“YOU’RE HIS, REMEMBER that. Never lose your virtue unless you want to lose your life,” Father had told me years ago. He didn’t need to; he already had five of his bodyguards trailing my every move.
“He’s a fine young man, daughter, and he’s the Don now. He will be less rough if you do as he says,” Mother had said when she heard the news years back. I didn’t expect any different words.
I had finished my education even though I knew I’d never need it. The higher the woman’s degree, the more she was valued.
It would mean less groping from men in the Family and a more prestigious suitor—although I didn’t need one because I already had one and he was very high ranked.
“I can’t believe we’ve already graduated university.” My oblivious best friend bristled with excitement. “We should go party!”
A somber expression marred my face. Not only because I’d be leaving her but also because I knew what was promised after this. “I can’t, Sophia. You know that.”
She rolled her eyes. “You’re already twenty-four and you haven’t even gone to a club yet. I always have to go alone but not this time, missy. I’ll drag you there myself if I have to.”
No, I was already in my early twenties, which meant I was very late to marry. It was my good fate that my betrothed wanted to tie the knot late.
Otherwise, I would have been shunned out of the society. But I didn’t expect her to understand. My priorities had always been different.
“I mean it, I can’t. I’ll be lucky if I can see you again.” Oops! I really shouldn’t have said that.
Her brows furrowed. “What do you mean? I swear you are always so sketchy. You never stay after school. You have bodyguards trailing you every minute and you’re always so stiff.
“I know you are rich but seriously? This is just too much.”
“It’s not like that. My parents are just strict and overprotective.” I tried to explain but it was in vain.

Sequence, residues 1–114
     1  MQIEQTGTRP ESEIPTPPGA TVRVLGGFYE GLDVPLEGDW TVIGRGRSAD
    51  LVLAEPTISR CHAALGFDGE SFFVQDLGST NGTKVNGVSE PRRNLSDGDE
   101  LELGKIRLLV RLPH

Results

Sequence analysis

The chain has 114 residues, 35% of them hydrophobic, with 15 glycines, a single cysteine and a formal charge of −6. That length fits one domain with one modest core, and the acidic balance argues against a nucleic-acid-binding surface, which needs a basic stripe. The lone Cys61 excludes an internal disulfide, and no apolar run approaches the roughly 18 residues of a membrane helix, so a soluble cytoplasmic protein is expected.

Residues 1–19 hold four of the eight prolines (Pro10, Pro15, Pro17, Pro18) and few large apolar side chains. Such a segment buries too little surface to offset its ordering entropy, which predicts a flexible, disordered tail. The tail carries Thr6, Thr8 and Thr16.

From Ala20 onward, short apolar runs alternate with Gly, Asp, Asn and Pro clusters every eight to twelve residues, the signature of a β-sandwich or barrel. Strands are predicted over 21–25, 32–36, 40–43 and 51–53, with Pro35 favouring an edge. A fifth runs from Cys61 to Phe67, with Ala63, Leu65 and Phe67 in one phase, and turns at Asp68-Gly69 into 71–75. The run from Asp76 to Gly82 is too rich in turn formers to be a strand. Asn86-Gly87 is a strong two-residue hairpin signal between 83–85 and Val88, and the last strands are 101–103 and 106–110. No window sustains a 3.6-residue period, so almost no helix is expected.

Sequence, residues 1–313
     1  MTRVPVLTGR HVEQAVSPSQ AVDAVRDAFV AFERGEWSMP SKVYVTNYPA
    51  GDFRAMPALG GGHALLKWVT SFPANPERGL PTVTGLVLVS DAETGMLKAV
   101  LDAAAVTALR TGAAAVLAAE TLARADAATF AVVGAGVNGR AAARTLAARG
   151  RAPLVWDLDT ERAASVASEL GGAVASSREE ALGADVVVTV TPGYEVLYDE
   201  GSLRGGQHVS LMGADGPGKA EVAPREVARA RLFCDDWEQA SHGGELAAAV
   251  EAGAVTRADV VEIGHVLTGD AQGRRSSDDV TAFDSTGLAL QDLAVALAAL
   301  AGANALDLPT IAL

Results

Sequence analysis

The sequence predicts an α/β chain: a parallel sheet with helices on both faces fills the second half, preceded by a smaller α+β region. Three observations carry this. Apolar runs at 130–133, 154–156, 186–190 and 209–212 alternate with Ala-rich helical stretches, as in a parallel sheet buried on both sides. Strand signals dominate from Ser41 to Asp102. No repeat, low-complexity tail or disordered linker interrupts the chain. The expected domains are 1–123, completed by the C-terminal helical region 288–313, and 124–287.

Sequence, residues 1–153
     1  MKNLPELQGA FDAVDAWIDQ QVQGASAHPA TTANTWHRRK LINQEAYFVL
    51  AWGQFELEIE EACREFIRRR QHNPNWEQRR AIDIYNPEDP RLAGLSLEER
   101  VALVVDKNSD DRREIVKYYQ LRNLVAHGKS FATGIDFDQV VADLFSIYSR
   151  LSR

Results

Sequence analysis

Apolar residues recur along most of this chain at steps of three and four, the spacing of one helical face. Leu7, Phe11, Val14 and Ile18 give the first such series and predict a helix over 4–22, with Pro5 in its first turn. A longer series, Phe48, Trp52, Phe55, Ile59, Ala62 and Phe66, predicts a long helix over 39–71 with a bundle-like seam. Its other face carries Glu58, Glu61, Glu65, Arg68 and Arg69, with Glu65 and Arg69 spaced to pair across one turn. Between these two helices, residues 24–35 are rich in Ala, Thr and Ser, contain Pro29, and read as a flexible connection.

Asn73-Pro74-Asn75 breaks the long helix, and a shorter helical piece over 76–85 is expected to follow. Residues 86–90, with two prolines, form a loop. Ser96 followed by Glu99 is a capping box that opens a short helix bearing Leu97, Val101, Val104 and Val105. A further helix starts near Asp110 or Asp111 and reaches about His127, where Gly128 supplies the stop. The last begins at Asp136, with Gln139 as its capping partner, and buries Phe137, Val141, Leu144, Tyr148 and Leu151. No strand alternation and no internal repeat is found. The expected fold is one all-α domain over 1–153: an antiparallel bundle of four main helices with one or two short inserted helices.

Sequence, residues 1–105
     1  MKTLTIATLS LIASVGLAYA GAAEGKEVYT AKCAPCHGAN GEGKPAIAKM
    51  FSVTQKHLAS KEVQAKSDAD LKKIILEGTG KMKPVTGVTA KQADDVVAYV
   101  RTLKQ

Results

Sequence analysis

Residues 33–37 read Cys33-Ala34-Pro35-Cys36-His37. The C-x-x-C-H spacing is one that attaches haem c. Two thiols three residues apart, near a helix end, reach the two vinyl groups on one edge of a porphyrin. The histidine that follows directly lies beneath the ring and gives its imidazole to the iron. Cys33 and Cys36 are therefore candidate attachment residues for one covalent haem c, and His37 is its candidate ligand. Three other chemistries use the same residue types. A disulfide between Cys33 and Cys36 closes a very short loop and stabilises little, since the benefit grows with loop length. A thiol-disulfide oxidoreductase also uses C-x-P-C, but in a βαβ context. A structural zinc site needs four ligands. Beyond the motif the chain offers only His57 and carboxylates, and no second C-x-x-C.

“Which is exactly why you should move out. You can afford to live for yourself, right? You can even come live with me. Your parents didn’t even come to your graduation,” she fussed.
I quickly shook my head before looking around to see if anyone heard, more specifically, if my bodyguards did.
They usually didn’t come inside the building unless it was absolutely necessary, but once a day they did a round of the building. “Look, I can’t, okay. Don’t be stubborn.”
“Francesca.” She sighed. “You’re ruining your life by dancing around to your parents’ tunes. I don’t get why you don’t even have a tiny bit of freedom but I do hope you’d tell me why. I’d understand.
She wouldn’t. She would run away, just like everyone else would. She wouldn’t get it. I wasn’t following the orders of my parents. I was following the orders of the one I was betrothed to.
I was following his orders.
Women didn’t get much freedom in my world. It was a curse to even be one. One would get engaged at a very young age and if her betrothed died she would be shunned by everyone else.
It was difficult to find another match after that for a woman. It was that messed up.
“Look, I’ve got to go. I’ll call you later.” I quickly walked away and out of the prestigious university’s glass doors.
Spotting my ride wasn’t that hard. It stood out like a black dot on a duvet of pure white. The sleek black limousine caught the attention of many bystanders.
The students should have been used to it by now but they never were. When Silvio (the head bodyguard) saw me, he opened the back door.
I mumbled a near-silent “Thank you,” even though it was not really necessary. They didn’t talk to me and I didn’t talk to them, though I liked Silvio the best.